return [[ProductDetailsViewController alloc] init];
                       }];

Both view controllers depend on productsService and ProductsListViewController also depends on ProductDetailsViewController as the
latter is opened whenever a product is selected from the list. The problem with this arrangement is that the details controller
is only created once. Instead what you want is to do is create a new controller each time a product is selected. To accomplish this
you need to change the name of the dependency from ‘productDetailsViewController’ to ‘productDetailViewControllerProvider’. What this will do is instead of creating a new instance for details view controller and injecting it in the list view controller it will inject a block that returns a new ProductDetailsViewController instance. I.e.:

instead of ProductsListViewController having a property:


@property (nonatomic, string) ProductDetailsViewController *productDetailsViewController

it will have:


@property (nonatomic, string) ProductDetailsViewController *(^productDetailsViewControllerProvider)(void)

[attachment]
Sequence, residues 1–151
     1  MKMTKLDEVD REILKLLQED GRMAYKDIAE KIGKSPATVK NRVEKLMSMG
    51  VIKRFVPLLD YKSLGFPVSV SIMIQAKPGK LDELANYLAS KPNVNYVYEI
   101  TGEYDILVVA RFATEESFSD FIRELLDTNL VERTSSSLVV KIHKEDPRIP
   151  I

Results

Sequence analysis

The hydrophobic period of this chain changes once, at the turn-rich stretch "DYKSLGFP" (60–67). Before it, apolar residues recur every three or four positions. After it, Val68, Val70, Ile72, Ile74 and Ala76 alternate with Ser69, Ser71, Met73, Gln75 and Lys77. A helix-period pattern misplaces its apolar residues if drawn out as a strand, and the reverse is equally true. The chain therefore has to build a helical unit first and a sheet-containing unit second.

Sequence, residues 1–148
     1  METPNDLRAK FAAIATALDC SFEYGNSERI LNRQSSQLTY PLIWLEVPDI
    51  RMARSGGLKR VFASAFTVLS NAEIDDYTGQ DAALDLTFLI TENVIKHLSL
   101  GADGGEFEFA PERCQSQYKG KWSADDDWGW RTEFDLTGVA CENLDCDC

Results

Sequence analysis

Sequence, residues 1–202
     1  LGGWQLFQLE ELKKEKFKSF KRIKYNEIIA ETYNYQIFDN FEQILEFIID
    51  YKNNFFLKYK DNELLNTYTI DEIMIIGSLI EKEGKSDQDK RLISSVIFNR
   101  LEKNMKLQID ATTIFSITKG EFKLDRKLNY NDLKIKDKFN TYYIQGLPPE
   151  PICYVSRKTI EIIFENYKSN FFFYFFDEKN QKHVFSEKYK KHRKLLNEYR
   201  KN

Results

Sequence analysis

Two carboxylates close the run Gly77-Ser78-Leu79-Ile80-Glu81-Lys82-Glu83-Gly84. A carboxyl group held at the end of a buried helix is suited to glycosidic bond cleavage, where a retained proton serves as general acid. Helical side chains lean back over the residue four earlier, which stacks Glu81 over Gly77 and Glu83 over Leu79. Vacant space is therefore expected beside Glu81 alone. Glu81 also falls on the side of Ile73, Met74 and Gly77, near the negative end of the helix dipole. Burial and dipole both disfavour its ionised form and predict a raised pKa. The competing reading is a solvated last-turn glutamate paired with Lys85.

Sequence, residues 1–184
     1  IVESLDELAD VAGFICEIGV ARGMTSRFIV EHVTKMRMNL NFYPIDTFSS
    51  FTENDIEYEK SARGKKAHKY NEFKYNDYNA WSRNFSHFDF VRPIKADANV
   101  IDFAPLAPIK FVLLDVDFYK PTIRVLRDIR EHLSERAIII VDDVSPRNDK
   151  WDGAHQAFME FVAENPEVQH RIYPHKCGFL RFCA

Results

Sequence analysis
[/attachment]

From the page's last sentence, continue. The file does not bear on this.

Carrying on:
When you want a new details view controller instance you just use the object returned from productDetailsViewControllerProvider(). This is the only place where the framework interferes with your code organization as you need to inject a block which returns the instance you want in this case. However, you are just adhering to a convention, not importing other code or libraries in your view controllers.

Circular dependencies

They are usually a code smell and Injineer does not support them out of the box but you can still have them if you want. Suppose you have the following dependencies:


[container addProviderForName: @"rootViewController"
                  dependencies: @[ @"productsListViewController" ]
                      options: INJProviderOptionSingleton
                      creator: (id (^)(NSDictionary *values)) creator {
                          return [[RootViewController alloc] init];